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Abstract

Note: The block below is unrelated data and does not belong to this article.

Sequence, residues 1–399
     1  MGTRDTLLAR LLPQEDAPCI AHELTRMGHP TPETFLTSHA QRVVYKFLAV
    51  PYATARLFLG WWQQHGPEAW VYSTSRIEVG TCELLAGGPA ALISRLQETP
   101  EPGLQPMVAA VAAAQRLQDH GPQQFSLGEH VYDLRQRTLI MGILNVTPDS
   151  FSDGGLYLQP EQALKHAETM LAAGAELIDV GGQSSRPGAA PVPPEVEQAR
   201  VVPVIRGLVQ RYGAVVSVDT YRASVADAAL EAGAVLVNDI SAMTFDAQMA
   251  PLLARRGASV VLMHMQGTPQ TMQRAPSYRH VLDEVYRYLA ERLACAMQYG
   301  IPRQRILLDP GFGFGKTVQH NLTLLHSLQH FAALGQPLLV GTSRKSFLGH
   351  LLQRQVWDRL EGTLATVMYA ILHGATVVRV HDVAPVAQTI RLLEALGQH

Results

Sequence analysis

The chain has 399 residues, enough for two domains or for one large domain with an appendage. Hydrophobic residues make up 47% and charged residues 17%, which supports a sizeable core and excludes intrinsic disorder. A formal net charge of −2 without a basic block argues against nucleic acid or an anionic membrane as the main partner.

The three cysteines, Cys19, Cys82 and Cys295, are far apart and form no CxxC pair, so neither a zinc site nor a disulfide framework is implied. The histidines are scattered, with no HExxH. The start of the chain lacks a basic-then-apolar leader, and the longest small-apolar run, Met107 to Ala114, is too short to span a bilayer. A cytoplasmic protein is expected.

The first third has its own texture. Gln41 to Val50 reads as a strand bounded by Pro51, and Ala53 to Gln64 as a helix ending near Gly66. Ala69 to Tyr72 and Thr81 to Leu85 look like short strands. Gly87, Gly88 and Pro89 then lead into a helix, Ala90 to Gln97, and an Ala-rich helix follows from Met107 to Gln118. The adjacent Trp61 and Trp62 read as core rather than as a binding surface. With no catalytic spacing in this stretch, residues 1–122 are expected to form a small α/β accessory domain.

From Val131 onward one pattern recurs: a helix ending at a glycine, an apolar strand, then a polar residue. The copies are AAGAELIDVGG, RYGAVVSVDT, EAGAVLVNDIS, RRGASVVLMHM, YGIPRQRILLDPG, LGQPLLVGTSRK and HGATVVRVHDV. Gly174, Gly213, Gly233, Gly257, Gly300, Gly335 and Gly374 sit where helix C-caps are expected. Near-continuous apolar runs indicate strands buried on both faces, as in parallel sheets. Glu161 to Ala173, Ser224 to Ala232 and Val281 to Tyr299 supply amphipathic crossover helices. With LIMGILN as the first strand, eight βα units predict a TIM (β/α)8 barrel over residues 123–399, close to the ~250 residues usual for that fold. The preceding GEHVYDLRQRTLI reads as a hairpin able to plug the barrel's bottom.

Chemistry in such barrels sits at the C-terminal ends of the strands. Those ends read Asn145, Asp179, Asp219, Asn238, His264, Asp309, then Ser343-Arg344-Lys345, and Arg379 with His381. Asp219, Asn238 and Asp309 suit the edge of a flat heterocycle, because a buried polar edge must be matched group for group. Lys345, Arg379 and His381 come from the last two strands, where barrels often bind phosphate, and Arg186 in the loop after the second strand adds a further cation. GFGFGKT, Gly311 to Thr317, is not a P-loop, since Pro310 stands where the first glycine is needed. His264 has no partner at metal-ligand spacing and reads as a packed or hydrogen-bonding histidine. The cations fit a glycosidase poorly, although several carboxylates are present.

Tobacco smoking is the most important preventable risk factor for periodontitis; however, the underlying biological mechanisms responsible for the detrimental effects of smoking on periodontal health remain largely unclear. It is also well established that smoking has a negative impact on several inflammatory diseases, including rheumatoid arthritis, multiple sclerosis and inflammatory bowel disease. The aim of this paper was to review smoking-related changes in local and systemic host responses with a focus on cellular and molecular effects that could explain a hyperinflammatory response leading to periodontal destruction. Biological mechanisms that may be common to periodontal disease and other chronic inflammatory diseases were also explored, together with gene–smoking interactions. An epidemiologic perspective on the burden of smoking on periodontal health and the potential for smoking cessation is also presented. Tobacco smoking seems to induce changes ranging from decreased leukocyte chemotaxis to decreased production of immunoglobulins. Smoking also seems to cause a stronger inflammatory reaction with an increased release of potentially tissue-destructive substances (e.g. reactive oxygen species, collagenase, serine proteases and proinflammatory cytokines). These findings support a hypothesis that periodontitis is a hyperinflammatory condition rather than a hypo-inflammatory condition.